We, as an interest owner or as the designated operator of certain of our current and future discoveries and prospects, could be held liable for some or all environmental, health and safety costs and liabilities arising out of our actions and omissions as well as those of our block partners, third-party contractors or other operators. To the extent we do not address these costs and liabilities or if we do not otherwise satisfy our obligations, our operations could be suspended or terminated. We have contracted with and intend to continue to hire third parties to perform services related to our operations. There is a risk that we may contract with third parties with unsatisfactory environmental, health and safety records or that our contractors may be unwilling or unable to cover any losses associated with their acts and omissions. Accordingly, we could be held liable for all costs and liabilities arising out of the acts or omissions of our contractors, which could have a material adverse effect on our results of operations and financial condition.

 

We maintain insurance at levels that we believe are consistent with industry practices, but we are not fully insured against all risks. Our insurance may not cover any or all environmental claims that might arise from our future operations or at any of our asset areas. If a significant accident or other event occurs and is not covered by insurance, such accident or event could have a material adverse effect on our results of operations and financial condition.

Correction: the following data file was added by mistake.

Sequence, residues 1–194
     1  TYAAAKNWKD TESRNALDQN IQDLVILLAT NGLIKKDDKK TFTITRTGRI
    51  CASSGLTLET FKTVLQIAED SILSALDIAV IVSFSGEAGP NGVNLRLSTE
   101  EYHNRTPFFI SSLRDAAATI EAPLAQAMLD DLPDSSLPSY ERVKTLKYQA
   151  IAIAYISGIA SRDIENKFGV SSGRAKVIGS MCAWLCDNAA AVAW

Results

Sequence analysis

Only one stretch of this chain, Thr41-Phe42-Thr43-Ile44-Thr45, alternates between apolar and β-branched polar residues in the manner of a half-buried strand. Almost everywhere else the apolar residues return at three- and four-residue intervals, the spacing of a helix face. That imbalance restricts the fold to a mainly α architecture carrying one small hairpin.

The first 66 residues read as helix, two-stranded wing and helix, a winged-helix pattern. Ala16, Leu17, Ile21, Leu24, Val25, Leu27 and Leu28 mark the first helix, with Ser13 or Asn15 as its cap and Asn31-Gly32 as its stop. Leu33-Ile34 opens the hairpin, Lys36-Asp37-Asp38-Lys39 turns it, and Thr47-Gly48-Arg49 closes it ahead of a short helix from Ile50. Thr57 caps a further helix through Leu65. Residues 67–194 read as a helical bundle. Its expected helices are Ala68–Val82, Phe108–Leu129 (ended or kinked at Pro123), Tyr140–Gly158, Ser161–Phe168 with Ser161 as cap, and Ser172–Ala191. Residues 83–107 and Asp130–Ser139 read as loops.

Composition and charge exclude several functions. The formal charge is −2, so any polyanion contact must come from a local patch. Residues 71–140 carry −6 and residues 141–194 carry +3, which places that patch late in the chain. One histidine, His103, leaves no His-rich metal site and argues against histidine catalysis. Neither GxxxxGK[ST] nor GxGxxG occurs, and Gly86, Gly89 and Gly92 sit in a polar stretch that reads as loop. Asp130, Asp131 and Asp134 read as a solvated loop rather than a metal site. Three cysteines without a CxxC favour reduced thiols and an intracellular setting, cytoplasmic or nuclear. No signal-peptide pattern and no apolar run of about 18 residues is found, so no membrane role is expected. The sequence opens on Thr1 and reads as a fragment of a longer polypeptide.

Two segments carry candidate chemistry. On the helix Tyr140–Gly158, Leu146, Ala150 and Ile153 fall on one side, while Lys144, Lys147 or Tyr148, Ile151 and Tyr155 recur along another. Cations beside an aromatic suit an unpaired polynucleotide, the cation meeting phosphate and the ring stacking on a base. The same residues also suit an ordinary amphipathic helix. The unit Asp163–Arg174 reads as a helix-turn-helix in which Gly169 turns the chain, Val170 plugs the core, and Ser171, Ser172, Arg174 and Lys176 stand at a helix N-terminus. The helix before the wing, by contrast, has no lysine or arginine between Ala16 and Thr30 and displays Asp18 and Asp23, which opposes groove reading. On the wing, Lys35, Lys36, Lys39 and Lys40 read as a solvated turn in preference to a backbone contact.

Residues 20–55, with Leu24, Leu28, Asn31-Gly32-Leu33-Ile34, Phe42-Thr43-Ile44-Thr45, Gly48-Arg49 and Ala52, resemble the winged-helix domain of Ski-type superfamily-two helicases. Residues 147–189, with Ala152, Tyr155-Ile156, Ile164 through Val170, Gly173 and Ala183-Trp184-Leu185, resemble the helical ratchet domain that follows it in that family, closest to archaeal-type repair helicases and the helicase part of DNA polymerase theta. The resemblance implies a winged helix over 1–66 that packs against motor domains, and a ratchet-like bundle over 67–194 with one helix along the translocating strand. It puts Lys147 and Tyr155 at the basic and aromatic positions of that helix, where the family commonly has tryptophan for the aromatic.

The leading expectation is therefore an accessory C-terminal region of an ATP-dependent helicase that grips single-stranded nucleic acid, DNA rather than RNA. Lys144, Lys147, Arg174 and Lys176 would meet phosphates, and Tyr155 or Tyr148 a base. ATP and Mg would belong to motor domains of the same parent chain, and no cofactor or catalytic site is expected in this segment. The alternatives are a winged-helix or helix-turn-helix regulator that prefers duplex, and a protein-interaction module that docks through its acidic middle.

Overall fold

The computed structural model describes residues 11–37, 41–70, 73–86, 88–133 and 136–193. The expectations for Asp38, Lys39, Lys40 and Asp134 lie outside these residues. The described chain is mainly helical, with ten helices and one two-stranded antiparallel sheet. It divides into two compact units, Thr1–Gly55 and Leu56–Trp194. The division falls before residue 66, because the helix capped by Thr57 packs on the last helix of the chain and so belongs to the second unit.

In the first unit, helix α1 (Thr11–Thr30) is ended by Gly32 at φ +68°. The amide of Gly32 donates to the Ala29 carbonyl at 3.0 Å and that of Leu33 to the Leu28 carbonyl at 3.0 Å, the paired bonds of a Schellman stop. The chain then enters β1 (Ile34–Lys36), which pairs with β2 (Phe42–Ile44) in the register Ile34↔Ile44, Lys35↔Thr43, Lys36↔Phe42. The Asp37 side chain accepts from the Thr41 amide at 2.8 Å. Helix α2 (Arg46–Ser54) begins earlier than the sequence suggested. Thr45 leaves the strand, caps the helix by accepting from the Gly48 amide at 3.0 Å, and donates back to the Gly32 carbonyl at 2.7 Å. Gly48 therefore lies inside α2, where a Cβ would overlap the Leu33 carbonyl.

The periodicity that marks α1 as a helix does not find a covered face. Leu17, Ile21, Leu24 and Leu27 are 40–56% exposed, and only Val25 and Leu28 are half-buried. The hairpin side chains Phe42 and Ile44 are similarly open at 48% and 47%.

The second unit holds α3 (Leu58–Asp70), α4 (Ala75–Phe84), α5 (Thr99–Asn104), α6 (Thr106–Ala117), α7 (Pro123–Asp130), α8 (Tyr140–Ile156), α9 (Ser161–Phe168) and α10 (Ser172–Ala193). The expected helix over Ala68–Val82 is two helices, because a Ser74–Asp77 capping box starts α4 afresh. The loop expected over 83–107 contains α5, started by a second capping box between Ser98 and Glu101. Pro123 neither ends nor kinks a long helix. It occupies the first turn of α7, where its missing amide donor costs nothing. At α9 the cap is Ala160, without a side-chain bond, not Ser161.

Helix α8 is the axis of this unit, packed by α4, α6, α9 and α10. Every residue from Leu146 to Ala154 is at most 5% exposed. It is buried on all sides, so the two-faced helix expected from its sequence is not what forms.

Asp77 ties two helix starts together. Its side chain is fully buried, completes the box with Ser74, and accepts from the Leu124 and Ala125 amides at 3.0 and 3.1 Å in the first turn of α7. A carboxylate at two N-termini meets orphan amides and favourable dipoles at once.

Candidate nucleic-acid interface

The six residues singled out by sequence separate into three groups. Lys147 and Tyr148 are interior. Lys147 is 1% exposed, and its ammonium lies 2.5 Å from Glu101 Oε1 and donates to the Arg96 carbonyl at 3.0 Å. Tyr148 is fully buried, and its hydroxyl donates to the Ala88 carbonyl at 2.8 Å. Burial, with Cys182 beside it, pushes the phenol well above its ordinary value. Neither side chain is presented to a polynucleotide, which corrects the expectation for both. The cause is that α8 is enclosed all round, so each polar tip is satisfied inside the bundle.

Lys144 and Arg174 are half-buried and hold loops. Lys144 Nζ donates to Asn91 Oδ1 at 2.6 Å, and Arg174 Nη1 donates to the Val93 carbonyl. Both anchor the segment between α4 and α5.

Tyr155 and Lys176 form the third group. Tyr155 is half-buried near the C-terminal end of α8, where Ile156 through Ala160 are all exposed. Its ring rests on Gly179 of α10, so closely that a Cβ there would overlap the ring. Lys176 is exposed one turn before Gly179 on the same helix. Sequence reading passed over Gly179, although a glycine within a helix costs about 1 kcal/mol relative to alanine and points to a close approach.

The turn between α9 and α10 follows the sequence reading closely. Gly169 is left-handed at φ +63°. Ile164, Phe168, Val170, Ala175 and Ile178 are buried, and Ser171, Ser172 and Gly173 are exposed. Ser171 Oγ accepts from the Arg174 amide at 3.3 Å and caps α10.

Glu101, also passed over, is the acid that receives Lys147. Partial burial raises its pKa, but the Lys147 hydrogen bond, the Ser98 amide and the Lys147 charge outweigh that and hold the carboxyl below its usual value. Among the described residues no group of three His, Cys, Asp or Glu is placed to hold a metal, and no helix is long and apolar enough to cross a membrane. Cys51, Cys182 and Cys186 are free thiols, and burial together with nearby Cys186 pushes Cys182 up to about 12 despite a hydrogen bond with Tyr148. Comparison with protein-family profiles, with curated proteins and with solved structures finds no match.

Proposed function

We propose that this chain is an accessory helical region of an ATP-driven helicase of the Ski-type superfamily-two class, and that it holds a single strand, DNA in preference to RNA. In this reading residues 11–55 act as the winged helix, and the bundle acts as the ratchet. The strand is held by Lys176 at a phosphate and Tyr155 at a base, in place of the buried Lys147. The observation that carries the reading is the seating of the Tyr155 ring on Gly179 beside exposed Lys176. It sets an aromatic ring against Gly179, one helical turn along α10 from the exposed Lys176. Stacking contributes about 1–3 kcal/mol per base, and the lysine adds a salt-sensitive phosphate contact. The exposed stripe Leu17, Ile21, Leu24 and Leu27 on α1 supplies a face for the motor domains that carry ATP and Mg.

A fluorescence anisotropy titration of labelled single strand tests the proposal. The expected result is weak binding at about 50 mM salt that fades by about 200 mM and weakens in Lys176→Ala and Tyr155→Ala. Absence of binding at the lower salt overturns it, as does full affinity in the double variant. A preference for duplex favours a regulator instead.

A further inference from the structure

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We expect continued and increasing attention to climate change issues and associated regulations to constrain and impede the oil/gas industry.

 

We expect continued and increasing attention to climate change issues. Various countries and regions have agreed to regulate emissions of greenhouse gases, including methane (a primary component of natural gas) and carbon dioxide (a byproduct of oil and natural gas combustion). The regulation of greenhouse gases and the physical impacts of climate change in the areas in which we, our customers and the end-users of our products operate could adversely impact our operations and the demand for our products.

 

Environmental, health and safety laws are complex, change frequently and have tended to become increasingly stringent over time. Our costs of complying with current and future climate change, environmental, health and safety laws, the actions or omissions of our block partners and third party contractors and our liabilities arising from releases of, or exposure to, regulated substances may adversely affect our results of operations and financial condition. See “Business—Environmental Matters and Regulation.”

 

We may incur substantial losses and become subject to liability claims as a result of future oil and natural gas operations, for which we may not have adequate insurance coverage.